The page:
John O'Hara: Sermons and Soda-Water (1355 words)

Steven Goldleaf (Pace University)
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The narrator of all three intertwined novellas in this collection is a middle-aged writer named James Malloy, who narrates much of John O'Hara's most intensely personal fiction and who is plainly O'Hara's fictional alter-ego. Originally appearing in “The Doctor's Son”, an all-but-explicitly autobiographical short story written in the early 1930s, Malloy recurred in O'Hara's first three novels as a minor character, a major character, or as the narrator, but disappeared entirely from O'Hara's work for over a decade beginning in 1949, when he broke with the New Yorker magazine, his main publishing market, over a lukewarm review of a novel. Throughout the 1950s, O'Hara, whose reputation as the inventor of the archetypal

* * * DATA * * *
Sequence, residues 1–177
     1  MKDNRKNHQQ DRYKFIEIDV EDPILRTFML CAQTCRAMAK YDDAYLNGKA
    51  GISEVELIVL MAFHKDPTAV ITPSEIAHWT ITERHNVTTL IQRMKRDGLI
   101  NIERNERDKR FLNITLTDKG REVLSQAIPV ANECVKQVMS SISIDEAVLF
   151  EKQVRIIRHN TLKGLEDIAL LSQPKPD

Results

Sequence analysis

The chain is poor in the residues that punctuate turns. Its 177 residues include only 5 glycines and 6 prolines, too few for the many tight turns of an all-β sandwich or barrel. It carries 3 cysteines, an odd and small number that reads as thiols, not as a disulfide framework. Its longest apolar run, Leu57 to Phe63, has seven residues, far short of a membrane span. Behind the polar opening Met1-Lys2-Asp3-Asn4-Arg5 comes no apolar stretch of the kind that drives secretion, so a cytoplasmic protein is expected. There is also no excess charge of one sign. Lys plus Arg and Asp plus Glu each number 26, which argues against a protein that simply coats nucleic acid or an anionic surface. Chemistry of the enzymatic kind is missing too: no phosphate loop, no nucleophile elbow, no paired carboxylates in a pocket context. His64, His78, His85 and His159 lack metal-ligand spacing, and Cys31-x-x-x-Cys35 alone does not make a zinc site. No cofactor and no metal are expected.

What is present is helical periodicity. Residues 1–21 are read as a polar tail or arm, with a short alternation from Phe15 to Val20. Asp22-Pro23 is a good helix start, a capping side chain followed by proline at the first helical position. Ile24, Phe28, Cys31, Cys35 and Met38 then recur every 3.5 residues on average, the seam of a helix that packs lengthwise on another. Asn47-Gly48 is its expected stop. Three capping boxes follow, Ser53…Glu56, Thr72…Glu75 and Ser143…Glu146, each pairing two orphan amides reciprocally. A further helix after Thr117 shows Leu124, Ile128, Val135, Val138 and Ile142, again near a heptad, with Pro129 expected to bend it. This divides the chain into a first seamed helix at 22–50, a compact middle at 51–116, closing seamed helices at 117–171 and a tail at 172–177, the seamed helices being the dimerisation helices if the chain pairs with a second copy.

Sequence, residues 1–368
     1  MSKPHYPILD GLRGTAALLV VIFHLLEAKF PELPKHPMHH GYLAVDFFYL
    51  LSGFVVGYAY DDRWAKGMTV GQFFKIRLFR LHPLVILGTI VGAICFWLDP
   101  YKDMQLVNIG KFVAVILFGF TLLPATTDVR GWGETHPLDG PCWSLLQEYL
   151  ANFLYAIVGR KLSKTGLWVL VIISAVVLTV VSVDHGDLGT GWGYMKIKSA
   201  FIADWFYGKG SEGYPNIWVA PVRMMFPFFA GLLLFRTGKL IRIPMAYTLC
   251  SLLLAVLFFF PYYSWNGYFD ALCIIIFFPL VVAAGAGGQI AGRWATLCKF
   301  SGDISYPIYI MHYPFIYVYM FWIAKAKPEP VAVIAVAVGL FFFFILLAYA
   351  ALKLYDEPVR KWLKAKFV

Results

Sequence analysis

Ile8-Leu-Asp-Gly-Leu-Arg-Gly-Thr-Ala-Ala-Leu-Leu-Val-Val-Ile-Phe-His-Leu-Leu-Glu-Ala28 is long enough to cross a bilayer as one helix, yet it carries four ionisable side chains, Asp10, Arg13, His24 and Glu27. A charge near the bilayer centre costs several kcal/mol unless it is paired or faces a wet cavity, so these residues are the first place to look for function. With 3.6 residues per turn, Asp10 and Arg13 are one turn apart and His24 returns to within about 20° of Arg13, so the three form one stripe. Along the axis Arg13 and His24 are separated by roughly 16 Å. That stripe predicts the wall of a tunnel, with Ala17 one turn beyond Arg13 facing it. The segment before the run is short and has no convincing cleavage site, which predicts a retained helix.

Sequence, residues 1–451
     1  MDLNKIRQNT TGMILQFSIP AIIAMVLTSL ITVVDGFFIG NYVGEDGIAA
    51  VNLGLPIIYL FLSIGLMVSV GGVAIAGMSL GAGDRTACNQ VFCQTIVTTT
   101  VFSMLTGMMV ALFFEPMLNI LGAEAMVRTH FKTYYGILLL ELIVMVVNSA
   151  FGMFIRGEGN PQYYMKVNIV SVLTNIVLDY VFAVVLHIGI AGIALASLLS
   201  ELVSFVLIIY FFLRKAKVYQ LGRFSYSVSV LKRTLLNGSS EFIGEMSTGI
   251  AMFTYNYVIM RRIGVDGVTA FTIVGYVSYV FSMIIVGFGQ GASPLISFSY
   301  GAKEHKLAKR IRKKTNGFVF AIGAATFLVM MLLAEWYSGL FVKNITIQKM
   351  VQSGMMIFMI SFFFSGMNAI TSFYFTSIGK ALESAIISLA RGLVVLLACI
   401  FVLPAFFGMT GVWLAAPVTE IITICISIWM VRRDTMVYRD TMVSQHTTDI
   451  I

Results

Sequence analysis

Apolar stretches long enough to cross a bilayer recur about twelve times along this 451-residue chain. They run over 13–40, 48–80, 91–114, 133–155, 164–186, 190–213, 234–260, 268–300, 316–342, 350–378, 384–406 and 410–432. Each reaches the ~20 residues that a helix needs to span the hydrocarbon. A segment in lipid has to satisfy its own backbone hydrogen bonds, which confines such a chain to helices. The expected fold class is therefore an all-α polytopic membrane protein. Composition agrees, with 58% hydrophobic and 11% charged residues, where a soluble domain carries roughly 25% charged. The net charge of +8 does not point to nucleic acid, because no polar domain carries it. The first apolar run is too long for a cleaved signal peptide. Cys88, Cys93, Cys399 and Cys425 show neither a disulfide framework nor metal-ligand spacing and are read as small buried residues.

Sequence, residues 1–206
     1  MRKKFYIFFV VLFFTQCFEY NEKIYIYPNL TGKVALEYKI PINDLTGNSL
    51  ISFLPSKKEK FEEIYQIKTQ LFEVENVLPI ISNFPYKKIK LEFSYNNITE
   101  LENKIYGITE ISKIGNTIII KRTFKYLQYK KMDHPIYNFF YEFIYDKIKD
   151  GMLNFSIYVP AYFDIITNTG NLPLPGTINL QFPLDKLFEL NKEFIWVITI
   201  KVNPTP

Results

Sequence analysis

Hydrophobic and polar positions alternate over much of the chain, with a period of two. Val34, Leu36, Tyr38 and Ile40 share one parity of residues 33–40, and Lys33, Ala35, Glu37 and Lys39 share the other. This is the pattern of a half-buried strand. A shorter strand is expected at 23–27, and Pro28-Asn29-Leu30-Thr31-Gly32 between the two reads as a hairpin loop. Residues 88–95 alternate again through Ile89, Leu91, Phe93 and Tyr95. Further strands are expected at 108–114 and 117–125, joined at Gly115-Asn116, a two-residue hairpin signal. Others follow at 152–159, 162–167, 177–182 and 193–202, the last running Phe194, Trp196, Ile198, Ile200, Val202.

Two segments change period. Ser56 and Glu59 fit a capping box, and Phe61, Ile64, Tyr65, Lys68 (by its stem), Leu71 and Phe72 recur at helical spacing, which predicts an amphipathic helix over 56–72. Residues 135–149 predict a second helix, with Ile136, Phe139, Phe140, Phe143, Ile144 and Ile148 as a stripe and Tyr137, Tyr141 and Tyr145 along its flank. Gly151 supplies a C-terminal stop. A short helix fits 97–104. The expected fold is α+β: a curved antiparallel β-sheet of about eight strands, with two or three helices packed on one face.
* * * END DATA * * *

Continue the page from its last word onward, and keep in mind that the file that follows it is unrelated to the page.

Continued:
Citation: Goldleaf, Steven. "Sermons and Soda-Water". The Literary Encyclopedia. First published 09 November 2009 [, accessed 07 August 2022.]

2135 Sermons and Soda-Water 3 Historical context notes are intended to give basic and preliminary information on a topic. In some cases they will be expanded into longer entries as the Literary Encyclopedia evolves.

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